Division of General Counsel, Governance and Compliance

Reporting Data Breaches

What is a personal data breach?

Under data protection legislation, a personal data breach is a “breach of security leading to the accidental or unlawful destruction, loss, alteration, unauthorised disclosure of, or access to, personal data transmitted, stored or otherwise processed”.

Breaches can be small, relating to one person, or can affect many hundreds of individuals. The impact of a breach can be significant, for the individuals affected and the University.

Breaches can affect information held electronically or in paper files, and personal data can be lost or compromised in a number of ways. The cause might be an email sent to the wrong person, a lost or stolen device such as a laptop or memory stick, hard copy paperwork being lost or disposed of incorrectly, or unauthorised or incorrect access being given to systems.

The majority of data breaches are accidental but can also be caused by unlawful actions, such as cyber security incidents.

What should you do if you discover a personal data breach?

Any personal data breach, however minor, must be reported immediately to the Data Protection Officer. This is so the matter can be assessed and we can take steps to limit the impact of a breach where possible. If you’re not sure if something is a breach, please still report it immediately.

 Click HERE to report a breach or a suspected breach

Clicking the above will take you to the Breach Notification Form which asks for the information that we need to establish if a data breach has occurred, and to decide what immediate steps we need to take, including whether the breach should be reported to the Information Commissioner’s Office (‘ICO’).

If a breach is likely to have a significant impact on the individual(s), then it must be reported to the ICO within 72 hours of the University becoming aware of the breach. So it is important that all breaches are reported to the Data Protection Officer without delay.

If you don’t have all the information for the form, please just provide what you can – don’t delay in making the report whilst you gather information. Any delay can affect the steps that we can take to reduce the impact of any data breach and may also mean we do not meet the legal timescales for reporting to the ICO.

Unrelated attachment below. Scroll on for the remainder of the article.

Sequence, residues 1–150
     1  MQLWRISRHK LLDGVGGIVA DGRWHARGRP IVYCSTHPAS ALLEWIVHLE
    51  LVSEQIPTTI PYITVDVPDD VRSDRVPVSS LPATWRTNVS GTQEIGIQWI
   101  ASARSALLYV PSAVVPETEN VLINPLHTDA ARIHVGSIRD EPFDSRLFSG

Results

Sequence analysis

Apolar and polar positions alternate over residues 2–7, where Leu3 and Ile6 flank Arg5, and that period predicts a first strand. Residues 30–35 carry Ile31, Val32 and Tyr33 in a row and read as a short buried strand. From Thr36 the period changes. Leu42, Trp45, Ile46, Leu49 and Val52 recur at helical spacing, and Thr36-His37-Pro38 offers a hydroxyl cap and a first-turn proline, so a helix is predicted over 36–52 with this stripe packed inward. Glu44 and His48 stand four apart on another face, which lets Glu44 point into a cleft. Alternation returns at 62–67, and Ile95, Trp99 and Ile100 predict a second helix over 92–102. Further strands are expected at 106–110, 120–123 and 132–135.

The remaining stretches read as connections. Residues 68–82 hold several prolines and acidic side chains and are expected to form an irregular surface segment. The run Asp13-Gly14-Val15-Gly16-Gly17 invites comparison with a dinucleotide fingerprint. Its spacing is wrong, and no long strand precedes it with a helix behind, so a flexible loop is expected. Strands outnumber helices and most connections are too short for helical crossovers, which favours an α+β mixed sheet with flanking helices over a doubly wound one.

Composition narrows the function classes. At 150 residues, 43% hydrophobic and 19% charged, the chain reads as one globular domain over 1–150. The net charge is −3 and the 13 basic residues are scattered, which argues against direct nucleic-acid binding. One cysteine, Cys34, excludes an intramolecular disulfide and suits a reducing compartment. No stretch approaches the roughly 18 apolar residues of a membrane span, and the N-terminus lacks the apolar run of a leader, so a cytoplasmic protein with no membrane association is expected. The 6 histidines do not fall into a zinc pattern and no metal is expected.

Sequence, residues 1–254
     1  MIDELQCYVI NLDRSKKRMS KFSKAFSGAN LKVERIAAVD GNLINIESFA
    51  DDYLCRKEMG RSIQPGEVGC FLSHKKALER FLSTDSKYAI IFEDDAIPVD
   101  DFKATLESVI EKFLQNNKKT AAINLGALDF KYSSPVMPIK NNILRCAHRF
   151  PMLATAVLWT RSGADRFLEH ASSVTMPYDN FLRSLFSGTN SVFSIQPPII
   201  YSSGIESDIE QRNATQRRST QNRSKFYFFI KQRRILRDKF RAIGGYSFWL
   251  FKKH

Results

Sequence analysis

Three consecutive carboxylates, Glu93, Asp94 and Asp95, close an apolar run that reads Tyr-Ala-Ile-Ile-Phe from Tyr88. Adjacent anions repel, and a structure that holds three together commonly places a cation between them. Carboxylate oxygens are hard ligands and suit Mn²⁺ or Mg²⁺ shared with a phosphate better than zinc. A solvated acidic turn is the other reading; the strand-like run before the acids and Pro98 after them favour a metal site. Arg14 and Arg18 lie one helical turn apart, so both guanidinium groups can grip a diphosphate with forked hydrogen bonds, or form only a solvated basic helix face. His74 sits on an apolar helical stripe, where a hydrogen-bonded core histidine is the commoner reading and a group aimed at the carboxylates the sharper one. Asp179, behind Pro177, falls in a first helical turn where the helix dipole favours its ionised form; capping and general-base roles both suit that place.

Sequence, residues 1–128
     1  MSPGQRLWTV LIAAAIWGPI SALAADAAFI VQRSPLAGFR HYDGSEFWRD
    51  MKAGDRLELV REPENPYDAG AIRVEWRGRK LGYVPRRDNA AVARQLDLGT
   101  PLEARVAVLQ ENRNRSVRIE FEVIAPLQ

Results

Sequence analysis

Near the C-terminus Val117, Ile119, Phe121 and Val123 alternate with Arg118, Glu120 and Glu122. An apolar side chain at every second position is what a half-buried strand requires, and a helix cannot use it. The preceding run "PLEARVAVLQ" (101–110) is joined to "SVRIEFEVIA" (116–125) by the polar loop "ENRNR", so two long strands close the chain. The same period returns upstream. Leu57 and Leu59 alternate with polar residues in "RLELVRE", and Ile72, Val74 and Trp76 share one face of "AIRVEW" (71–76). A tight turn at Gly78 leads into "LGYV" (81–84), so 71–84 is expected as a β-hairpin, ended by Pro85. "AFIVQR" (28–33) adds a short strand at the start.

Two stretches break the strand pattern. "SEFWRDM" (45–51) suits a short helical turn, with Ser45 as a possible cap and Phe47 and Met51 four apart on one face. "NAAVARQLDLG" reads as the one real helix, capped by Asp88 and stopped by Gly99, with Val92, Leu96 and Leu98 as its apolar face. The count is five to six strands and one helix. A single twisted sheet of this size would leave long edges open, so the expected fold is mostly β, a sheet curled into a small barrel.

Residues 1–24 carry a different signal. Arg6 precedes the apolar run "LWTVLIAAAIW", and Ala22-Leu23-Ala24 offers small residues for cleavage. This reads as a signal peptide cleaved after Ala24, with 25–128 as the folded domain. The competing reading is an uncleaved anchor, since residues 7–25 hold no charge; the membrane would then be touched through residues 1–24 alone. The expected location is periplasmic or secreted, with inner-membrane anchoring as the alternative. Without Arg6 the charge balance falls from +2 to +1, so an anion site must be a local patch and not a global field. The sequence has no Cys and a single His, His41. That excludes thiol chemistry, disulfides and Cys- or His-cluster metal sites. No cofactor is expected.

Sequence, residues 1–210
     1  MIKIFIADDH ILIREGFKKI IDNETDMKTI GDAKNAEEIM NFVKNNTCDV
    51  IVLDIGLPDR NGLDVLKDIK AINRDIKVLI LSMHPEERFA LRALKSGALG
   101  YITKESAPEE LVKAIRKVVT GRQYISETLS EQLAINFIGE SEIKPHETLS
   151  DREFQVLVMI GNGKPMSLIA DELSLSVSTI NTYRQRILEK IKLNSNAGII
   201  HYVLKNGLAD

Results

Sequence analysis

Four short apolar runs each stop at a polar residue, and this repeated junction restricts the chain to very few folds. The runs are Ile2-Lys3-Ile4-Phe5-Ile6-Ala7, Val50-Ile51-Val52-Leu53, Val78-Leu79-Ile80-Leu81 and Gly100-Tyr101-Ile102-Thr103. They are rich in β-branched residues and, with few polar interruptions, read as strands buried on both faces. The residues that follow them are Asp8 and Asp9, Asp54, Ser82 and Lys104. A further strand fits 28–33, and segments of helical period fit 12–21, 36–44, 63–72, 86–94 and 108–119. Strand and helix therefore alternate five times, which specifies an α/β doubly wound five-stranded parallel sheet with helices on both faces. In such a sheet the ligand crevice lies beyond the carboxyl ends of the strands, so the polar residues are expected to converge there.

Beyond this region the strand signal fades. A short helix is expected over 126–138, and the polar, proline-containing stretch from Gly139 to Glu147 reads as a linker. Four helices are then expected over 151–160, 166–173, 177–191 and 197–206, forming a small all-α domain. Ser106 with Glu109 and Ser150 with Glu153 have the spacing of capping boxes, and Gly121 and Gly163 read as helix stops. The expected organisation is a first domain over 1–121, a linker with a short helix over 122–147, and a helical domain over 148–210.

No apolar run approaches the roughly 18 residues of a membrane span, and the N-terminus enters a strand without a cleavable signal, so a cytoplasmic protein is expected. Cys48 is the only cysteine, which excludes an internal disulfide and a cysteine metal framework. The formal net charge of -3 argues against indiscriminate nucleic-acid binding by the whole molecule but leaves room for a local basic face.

You can also contact the Data Protection Officer directly by email at dpo@sussex.ac.uk or by telephone on 01273 678472.

What happens next?

On receipt of the breach notification form, the Data Protection Officer or a colleague from the Information Management team will assess the matter and will work with you and other relevant colleagues to make sure that any personal data is secured and any impacts of the breach are minimised.

When assessing whether a breach must be reported to the ICO, the Data Protection Officer will establish the likelihood of the breach impacting the rights and freedoms of those affected, and assess the severity of any potential consequences for the individual. If there is a risk of a significant impact, then the University must notify the ICO – the Data Protection Officer is responsible for making any notification.

If we need to make a report to the ICO we will need to provide details about the nature of the personal data breach, as well as approximate numbers of individuals affected and who those individuals are. We will also need to include details of the personal data involved. We will need to report the likely consequences of the breach and the measures we have taken, or propose to take, to deal with the breach and mitigate any possible adverse effects.

Should you notify the affected data subjects?

If the breach is likely to result in a high risk to the rights and freedoms of the affected individual(s), then the University will also need to inform those concerned directly and without undue delay. The Data Protection Officer will assess if notification is required and will advise on the content of any notification, such as the steps that individuals may wish to take to mitigate the impact of the breach.

Even where the breach is not likely to result in a high risk, there may be some limited cases where we decide to notify individuals anyway. However, any notification should be discussed with the Data Protection Officer first.

Who is responsible?

The University, as the Data Controller, has legal responsibility for all personal data breaches, so staff should not be concerned about reporting a breach to us. We understand that mistakes happen and the vast majority of breaches are accidental.

However, if it is found that a personal data breach is the result of deliberate misconduct or a continued failure to comply with policies, procedures or safe data handling practices, the University may consider taking appropriate disciplinary action against those involved.

To reduce the risk of handling personal data inappropriately, staff should be familiar with the Data Protection Policy. Under the policy staff must ensure:

  • that they process personal data in line with the policy and that there are adequate safeguards in place to protect personal data; and
  • that they report any personal data breaches they become aware of immediately via this process.
Common breaches

Over 90% of the personal data breaches at the University relate to emails. Breaches are often caused by emails being sent to the wrong person or an email is sent to the right person, but it includes the wrong documents or information.

Please read our Guidance on the Use of Email which sets out advice on how to reduce the risk of data breaches by email.


Last updated 1 December 2021